Definitely one of my favorites, the endearing Brit authored children’s books, novels, fiction and non, and gave us movies her writing inspired. The images she creates! I am swept into a rare ship at sea by her, only to be kept in sight of shore, not to be released from her spell of lulling waves or violent shipwreck passages when I might close her books and tear free –until I collapse in reluctant hallucinatory exhaustion.
Rumer (also a professional dancer, and dance teacher; named after a beloved relation) and her sisters were raised in India and this rich banquet she kept exploring (not leaving for England til 12 years old then back and forth, raising her infant daughters in Kashmir before and during WWII) is the setting of her many stories, including, most especially, the miraculous “BLACK NARCISSUS”. Indescribable. An order of Nuns are gifted a former Indian General’s brothel perched 10,000 feet up on a cliff in the Himalayas, where they intend to heal the sick and tutor the unschooled; the view and ceaseless winds of this oddly beautiful castle prove a stunning unsettlement to all who dare take it on. The movie, (made by the Archer’s team Powell and Pressburger” is extraordinary, worth seeing a dozen times, potent in color and form and acting, very rare in every way with a superb cast, delightful; frightening; brilliant.
But it is this RUMER GODDEN passage I want to bring to you, and it is from her memoir, “A TIME TO DANCE, NO TIME TO WEEP”, which is bloody marvelous and full of fearless originality, independence; courage and joy. She speaks so honestly and directly, describing the sheltered child’s ritual expectance of palatial indulgence —and then wrenching poverty, surviving in strange and dangerous, hostile worlds. She has an endless curiosity for life, people, and how to survive. She knows early she will be a writer, comes late to success.
What I loved about this small Rumer Godden inserted mid-book is the kind of thinking we, the reader, are invited to take on as our own. It’s all full of knowing that any and all things are, after all, possible. There is here a life to lead, apush out of complacency, start and do things we never dreamt before.
This, page 164 from Godden’s “A Time to Dance, No Time to Weep”, is it:
THUS FAR AND NO FURTHER
“Once upon a time, perhaps when Noah lived and perhaps this flood was Noah’s flood too, in another time when the earth was filled with violence, the waters of Teesta river in North Bengal, India, began to rise int he valleys of the Himalayas, whose ranges are higher and more terrible than the Andes. The water rose higher and higher, past the foothills and the lower hills, past the villages of Riyang and Teesta and the people began to be seriously afraid that their retreat would be cut off by the sky. Only the spines of the ridges showed in the water, spines of monsters and dragons petrified, with their colours hidden in the Teesta that today, after the rains, is that same milky blue. The prayer flags were snatched and carried to the to the ridge, horns blew and the drums sounded, while behind and inaccessible, the line of snows that not even a flood could reach, reared themselves into the sky.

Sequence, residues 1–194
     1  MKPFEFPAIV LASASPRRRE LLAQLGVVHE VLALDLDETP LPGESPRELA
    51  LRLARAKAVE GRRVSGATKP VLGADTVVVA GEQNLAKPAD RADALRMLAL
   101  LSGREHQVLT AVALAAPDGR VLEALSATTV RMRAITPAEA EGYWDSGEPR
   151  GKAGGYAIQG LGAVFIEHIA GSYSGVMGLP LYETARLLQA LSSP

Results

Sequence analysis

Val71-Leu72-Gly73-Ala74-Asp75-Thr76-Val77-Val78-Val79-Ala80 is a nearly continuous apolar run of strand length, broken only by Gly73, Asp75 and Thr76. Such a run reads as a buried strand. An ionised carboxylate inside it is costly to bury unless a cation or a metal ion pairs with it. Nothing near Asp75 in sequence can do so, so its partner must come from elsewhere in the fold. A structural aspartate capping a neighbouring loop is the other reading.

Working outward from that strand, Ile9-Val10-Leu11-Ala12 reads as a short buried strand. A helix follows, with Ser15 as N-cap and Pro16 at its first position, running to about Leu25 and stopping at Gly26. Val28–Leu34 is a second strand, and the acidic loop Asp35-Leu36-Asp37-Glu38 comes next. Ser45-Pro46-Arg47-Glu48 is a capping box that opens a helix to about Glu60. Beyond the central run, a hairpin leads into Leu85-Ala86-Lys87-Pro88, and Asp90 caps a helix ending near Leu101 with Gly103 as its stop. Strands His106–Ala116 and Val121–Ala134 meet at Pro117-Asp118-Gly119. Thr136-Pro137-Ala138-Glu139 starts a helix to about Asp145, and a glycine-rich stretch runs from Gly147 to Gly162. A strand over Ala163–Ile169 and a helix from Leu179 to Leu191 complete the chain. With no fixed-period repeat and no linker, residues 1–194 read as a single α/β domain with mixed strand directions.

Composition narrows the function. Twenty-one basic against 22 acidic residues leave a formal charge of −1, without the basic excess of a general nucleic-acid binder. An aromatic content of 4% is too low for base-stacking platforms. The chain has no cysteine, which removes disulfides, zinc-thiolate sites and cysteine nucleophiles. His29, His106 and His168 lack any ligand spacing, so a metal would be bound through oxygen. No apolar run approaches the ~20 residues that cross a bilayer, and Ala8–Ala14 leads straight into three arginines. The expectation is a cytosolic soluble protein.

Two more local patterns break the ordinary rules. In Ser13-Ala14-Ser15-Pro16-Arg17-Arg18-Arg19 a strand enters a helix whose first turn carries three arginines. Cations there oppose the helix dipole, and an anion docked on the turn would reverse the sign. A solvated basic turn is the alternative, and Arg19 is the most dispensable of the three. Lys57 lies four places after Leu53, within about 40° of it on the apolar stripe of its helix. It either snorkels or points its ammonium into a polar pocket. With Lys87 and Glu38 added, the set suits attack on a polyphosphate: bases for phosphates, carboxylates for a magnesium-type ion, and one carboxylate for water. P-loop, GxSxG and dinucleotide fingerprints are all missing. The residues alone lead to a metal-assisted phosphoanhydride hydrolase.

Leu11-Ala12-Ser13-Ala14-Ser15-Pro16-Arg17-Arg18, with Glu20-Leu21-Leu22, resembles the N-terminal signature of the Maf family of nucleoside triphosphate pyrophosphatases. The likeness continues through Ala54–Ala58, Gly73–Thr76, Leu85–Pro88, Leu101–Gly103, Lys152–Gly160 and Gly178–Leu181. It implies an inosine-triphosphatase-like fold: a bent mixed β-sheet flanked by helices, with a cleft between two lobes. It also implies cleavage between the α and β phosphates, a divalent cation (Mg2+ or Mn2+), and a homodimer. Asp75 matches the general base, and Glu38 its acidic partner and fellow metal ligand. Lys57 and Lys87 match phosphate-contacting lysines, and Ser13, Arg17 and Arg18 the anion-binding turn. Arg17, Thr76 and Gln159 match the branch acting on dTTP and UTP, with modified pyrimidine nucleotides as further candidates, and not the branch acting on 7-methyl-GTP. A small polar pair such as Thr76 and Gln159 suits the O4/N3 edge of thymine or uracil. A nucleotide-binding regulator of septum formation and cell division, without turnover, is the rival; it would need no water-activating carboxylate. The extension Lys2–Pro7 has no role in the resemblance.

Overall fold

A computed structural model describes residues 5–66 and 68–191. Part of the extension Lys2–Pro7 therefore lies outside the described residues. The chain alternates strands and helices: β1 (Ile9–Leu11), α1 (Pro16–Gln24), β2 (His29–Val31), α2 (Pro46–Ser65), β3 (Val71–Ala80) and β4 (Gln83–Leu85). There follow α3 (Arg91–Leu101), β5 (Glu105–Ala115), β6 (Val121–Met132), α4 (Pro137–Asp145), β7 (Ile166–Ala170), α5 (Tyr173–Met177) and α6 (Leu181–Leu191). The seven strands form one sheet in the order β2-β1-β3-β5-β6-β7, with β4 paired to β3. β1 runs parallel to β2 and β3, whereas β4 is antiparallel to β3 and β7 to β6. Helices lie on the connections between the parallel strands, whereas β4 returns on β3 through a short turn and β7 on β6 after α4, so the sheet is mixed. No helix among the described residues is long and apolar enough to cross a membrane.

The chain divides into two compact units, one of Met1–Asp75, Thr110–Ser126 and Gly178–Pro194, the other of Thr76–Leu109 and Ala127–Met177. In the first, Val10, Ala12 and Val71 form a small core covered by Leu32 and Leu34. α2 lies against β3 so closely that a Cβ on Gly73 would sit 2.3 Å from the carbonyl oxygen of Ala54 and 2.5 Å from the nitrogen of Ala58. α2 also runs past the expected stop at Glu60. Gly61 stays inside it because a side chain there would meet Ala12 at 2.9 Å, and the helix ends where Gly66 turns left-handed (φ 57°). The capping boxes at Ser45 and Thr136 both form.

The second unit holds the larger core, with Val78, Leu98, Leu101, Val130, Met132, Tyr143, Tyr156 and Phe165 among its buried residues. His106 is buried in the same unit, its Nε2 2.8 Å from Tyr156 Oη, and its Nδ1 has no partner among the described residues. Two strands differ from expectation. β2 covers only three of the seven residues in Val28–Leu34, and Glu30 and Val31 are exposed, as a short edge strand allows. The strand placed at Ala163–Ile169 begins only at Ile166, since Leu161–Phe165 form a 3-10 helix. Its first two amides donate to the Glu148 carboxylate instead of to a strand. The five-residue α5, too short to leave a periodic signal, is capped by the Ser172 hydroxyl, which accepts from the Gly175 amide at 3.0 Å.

Down below them the consternation continued and the water spread and rose and spread.
In a temple at the top of one of these ridges, a Lama was saying his prayers. The people went in and disturbed him, but they disturbed him quietly; the horns stopped blowing, the drums were not beaten, and the people stood still as their headman went to him.
‘Well, what is it?’ said the Lama.
‘The water — the water is coming up.’ It was. The people were standing in it; it was lapping the temple steps.,
‘Tell it to go down,’ said the Lama.
‘Yes. Give it a positive order.’
‘But it won’t pay attention.’
‘Won’t it?’ said the Lama. ‘Then I must tell it myself.’ And he came out from his prayers and put out his hand.
I think of him as looking Chinese in a stiff robe, with a Chinese absorbed and peaceful face. He looked at the spines of the hills and the water swirling round them and the jumbled colours of the people and their frightened faces and silent horns and agitated flags; he looked up at the sky and the unmoving snows and back at the water, and he put out his hand and said, ‘Rungli-Rungliot. Thus far and no further.’
The flood immediately stopped; the water went down and the Lama went back to his prayers.
The words that he said stayed there in the place, as its name.” (End of passage)
Rumer Godden adds: (“Rungli-Rungliot is a real place on the spur of Himalays, facing south above the plains and the gorge of the little Runglee river that they say was left behind by accident when the Teesta water fell.”)
Original oil painting above is by Sparhawk. “Pfeiffer Beach, Crashing Boulders’, it was sold to a family visiting my Big Sur gallery from Japan; the photograph of author Rumer Godden is from the internet unattributed;the golden tabby cat on top is the marvelously beautiful Tommy Jefferson.